It's not a word used frequently in banking, but the concept dictates the industry's legal strategy in a host of issues, ranging from insurance to securities to bank fraud.

Just ask Michael F. Crotty, the American Bankers Association's deputy general counsel for litigation. Mr. Crotty, who has filed hundreds of briefs on behalf of the ABA, said the industry asks for trouble if it ignores the lower courts.

"For the law to work, it must be consistent," Mr. Crotty said. "If one court says x means this, then that should be the guide. It isn't law and it isn't serving its purpose if you can ignore it."

Mr. Crotty said it is this fear of a faulty lower-court decision returning to haunt the industry that keeps the ABA so active in courts around the country. In 1994 alone, the ABA filed about 30 friend-of-the- court briefs and is on track to file at least as many this year.

Just one bad lower-court decision makes it substantially harder for the industry to win the case further along in the process, he said.

"You've really got to struggle hard to say why should (the judge) do it differently," Mr. Crotty said.

Once a decision is released, other litigators will rely on it during similar fights throughout the country, he said.

Robert E. Bostrom, general counsel at National Westminster Bancorp, said friend-of-the-court briefs often bring a different viewpoint before the court.

"It is often useful to have the benefit of other parties to give the judge as much information and as many viewpoints as possible," Mr. Bostrom said. "That's good for everyone."

Precedent affects banks in two ways, said Stanley Twardy, a partner at Day, Berry & Howard. First, a ruling by the Supreme Court or by the local federal appeals court directly controls what a bank can do.

If the Supreme Court says banks can sell annuities, then all courts must permit this.

Second, a decision by a state supreme court or by a nonlocal federal appeals court establishes a line of legal reasoning that often dictates how the law will develop.

Without precedent, bankers would always have to worry that a court could change its mind and rule that a particular activity is not allowed. "It establishes a safe harbor," Mr. Twardy said.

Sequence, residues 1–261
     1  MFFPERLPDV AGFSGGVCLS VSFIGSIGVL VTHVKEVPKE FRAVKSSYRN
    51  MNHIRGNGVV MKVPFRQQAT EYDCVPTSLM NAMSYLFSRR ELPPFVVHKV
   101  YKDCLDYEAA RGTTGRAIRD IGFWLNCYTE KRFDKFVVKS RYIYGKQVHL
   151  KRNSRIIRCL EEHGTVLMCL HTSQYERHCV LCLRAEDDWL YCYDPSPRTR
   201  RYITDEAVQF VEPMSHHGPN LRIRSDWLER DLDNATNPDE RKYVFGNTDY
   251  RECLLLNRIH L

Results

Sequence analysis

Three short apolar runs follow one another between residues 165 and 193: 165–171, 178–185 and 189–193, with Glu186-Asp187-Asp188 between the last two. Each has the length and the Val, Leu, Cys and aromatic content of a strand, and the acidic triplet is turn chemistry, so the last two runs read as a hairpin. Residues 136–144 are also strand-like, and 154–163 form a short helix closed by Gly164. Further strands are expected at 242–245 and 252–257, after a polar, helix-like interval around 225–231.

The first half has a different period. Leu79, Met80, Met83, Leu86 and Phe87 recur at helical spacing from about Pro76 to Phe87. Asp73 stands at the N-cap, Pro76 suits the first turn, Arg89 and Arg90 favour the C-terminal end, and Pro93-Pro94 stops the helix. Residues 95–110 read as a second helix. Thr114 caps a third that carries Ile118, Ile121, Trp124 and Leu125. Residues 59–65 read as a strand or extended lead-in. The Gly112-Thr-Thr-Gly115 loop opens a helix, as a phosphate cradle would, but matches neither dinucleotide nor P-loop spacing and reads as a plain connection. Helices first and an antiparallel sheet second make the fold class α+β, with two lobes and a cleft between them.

Advocating the industry's position in court is as important as fighting for it on Capitol Hill, according to Mr. Crotty. "You can spend all your membership dues to get a great lobbyist and still lose because somebody hired a lawyer and stopped you," he said.

The trade groups, including the ABA, realized this long ago, he said. "There are three branches of government under the U.S. Constitution, all of which can impact the lives and day-to-day business decisions of America," he said.

While the ABA is active, it doesn't intervene in every case. Mr. Crotty said the trade groups never gets involved in legal battles among banks. "If I've got two members fighting, then there is no chance," he said.

That keeps the ABA out of many commercial cases, such as deciding which institution is responsible for paying on a bad check.

Also, the ABA passes on cases that are a slam dunk. "Given our limited resources, why waste the time?" he said.

And it never gets involved in trials at the state court level. These decisions are rarely reported, so they never become precedent. But, he said, the agency does intervene at the state appellate court level.

Finally, he said, the case must hold a broader significance to the industry. If a decision has a limited effect on a single institution, the trade group normally will ignore the proceeding.

Bankers said the efforts are worthwhile. "I think it has been an extremely helpful process," said Joseph H. Kott, general counsel at Midlantic Corp. He added that there are scores of cases where the industry's viewpoint needs to be articulated.

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